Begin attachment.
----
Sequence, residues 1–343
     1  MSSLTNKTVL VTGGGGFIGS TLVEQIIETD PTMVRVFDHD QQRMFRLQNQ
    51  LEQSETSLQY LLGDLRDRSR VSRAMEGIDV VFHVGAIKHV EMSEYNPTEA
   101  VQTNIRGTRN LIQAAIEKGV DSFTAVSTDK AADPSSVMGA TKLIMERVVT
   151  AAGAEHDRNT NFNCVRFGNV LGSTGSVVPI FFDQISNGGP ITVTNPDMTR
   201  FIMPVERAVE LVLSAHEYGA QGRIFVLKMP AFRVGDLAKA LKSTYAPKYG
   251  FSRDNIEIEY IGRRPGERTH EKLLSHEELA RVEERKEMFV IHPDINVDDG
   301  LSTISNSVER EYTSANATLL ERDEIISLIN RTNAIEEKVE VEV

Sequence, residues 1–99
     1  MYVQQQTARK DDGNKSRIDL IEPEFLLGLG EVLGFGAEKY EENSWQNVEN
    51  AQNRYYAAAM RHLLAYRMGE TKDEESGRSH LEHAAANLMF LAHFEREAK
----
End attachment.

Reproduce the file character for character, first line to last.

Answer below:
Sequence, residues 1–343
     1  MSSLTNKTVL VTGGGGFIGS TLVEQIIETD PTMVRVFDHD QQRMFRLQNQ
    51  LEQSETSLQY LLGDLRDRSR VSRAMEGIDV VFHVGAIKHV EMSEYNPTEA
   101  VQTNIRGTRN LIQAAIEKGV DSFTAVSTDK AADPSSVMGA TKLIMERVVT
   151  AAGAEHDRNT NFNCVRFGNV LGSTGSVVPI FFDQISNGGP ITVTNPDMTR
   201  FIMPVERAVE LVLSAHEYGA QGRIFVLKMP AFRVGDLAKA LKSTYAPKYG
   251  FSRDNIEIEY IGRRPGERTH EKLLSHEELA RVEERKEMFV IHPDINVDDG
   301  LSTISNSVER EYTSANATLL ERDEIISLIN RTNAIEEKVE VEV

Sequence, residues 1–99
     1  MYVQQQTARK DDGNKSRIDL IEPEFLLGLG EVLGFGAEKY EENSWQNVEN
    51  AQNRYYAAAM RHLLAYRMGE TKDEESGRSH LEHAAANLMF LAHFEREAK